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Proving You Did Not Cause an Accident in a North Carolina DWI

After a DWI charge in North Carolina, you may escape heightened penalties by proving you didn’t cause an accident. Although you might have been involved in a collision that resulted in a serious injury, the accident may not have been your fault. If you can show that the accident would have happened regardless of your alleged impairment, you can avoid much more serious legal consequences. 


Causing a Crash May Lead to Higher DWI Penalties in North Carolina


Causing a crash does not inherently lead to heightened DWI penalties in North Carolina. However, you face more serious consequences if you are involved in a collision that leads to serious injuries. If prosecutors successfully establish that you caused this accident while driving drunk, you will face a Level II DWI. A serious injury is an “aggravating factor” for sentencing purposes. The presence of one aggravating factor causes Level II DWI penalties, while additional aggravating factors can make consequences even more severe. 


A Level II DWI comes with a mandatory minimum jail sentence of one week. You might also face up to one year in jail for this offense – plus a fine of $2,000. With these heightened penalties in mind, it is important to establish you did not cause the serious injury in question. Note that if you cause multiple serious injuries, you could easily face a Level I Aggravated DWI. For example, you might be accused of causing three people to suffer serious injuries after colliding with a minivan carrying all of the alleged victims. This could potentially lead to a mandatory minimum one-year jail sentence and a maximum sentence of three years. 


It is even more important to prove you didn’t cause the accident if someone lost their life. This situation can easily lead to felony charges in North Carolina.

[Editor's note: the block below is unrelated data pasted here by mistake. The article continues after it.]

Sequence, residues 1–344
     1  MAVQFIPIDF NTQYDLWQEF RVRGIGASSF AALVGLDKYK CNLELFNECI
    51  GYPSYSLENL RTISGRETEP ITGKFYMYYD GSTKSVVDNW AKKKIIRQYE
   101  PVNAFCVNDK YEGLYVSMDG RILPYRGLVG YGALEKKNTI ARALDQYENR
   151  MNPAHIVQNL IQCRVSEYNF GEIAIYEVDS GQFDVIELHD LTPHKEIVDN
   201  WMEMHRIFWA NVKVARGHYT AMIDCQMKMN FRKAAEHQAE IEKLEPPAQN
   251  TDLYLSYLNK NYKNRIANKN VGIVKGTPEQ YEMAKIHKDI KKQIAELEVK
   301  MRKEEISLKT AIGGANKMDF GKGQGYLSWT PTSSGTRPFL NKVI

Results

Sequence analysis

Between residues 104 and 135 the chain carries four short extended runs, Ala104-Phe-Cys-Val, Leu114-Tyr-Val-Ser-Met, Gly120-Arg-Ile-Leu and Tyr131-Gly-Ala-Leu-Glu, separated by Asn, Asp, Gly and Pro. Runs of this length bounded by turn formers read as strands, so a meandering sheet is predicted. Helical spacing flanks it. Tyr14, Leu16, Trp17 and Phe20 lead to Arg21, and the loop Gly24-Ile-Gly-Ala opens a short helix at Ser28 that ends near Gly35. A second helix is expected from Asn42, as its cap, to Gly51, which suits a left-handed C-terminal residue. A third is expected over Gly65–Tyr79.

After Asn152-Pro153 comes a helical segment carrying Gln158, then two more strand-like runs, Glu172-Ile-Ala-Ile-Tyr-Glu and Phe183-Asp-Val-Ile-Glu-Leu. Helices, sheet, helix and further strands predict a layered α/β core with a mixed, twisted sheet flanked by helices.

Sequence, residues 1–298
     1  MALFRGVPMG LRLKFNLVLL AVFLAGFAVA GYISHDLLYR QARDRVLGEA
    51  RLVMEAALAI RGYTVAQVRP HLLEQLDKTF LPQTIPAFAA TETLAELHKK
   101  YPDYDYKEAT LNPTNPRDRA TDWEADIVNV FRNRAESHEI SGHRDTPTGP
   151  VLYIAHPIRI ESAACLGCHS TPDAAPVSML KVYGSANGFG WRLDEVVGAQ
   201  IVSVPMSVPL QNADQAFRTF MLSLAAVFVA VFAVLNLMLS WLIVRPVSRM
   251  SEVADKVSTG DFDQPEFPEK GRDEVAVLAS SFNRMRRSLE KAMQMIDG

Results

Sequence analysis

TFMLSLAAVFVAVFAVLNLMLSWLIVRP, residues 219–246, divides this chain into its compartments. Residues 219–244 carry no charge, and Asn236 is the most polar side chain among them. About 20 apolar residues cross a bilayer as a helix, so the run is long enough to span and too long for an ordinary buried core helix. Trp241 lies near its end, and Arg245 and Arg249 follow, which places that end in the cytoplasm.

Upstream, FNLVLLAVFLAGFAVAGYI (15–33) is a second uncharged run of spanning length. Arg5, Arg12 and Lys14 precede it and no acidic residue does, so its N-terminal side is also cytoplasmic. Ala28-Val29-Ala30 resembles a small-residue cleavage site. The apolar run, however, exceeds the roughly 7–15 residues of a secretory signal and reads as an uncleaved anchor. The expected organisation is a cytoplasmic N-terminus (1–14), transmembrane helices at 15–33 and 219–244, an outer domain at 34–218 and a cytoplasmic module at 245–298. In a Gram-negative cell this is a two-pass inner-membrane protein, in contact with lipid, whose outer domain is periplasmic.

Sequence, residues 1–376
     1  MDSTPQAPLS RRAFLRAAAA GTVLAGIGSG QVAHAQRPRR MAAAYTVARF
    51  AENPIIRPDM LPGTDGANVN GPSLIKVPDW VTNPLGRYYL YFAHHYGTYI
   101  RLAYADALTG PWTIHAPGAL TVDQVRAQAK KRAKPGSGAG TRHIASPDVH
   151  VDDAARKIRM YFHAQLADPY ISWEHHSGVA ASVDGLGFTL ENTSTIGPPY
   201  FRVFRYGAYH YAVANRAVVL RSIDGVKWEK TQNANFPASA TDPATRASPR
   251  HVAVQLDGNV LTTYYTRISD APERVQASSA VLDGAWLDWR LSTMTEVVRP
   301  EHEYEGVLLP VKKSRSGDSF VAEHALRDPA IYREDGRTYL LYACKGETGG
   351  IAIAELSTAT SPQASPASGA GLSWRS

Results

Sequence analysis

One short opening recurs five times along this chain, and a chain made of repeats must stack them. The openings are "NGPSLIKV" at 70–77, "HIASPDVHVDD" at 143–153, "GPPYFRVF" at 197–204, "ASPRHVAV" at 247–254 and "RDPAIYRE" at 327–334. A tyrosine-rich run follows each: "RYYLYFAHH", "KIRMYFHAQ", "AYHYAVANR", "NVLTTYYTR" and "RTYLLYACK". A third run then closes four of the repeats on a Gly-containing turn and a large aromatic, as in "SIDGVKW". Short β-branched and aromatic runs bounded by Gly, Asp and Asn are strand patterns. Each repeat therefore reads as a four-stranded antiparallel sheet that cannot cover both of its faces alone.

How Do I Prove I Did Not Cause the Crash in a North Carolina DWI?


You can only face heightened penalties if prosecutors can prove you caused the accident “beyond reasonable doubt.” You may have been intoxicated at the time of the accident, but this doesn’t automatically mean you caused the crash. To convict you of DWI resulting in serious injuries, prosecutors must establish a “proximate cause” between your DWI offense and the accident. 


For example, the injured party may have run a red light before the accident. As long as you didn’t commit any other traffic offense while intoxicated, courts may conclude that the accident was not your fault. A DWI lawyer in North Carolina can help you establish that you did not cause the accident – even though you were intoxicated at the time. 


Work With an Experienced DWI Lawyer in North Carolina


If you have been accused of a serious DWI offense in North Carolina, it makes sense to contact a qualified defense attorney as soon as possible. You are not alone in this battle, and an attorney can help you determine the most appropriate course of action. Although auto injuries may be serious, they are not always caused by intoxicated drivers. Reach out to Coastal South Law today – and get started with a defense strategy. 



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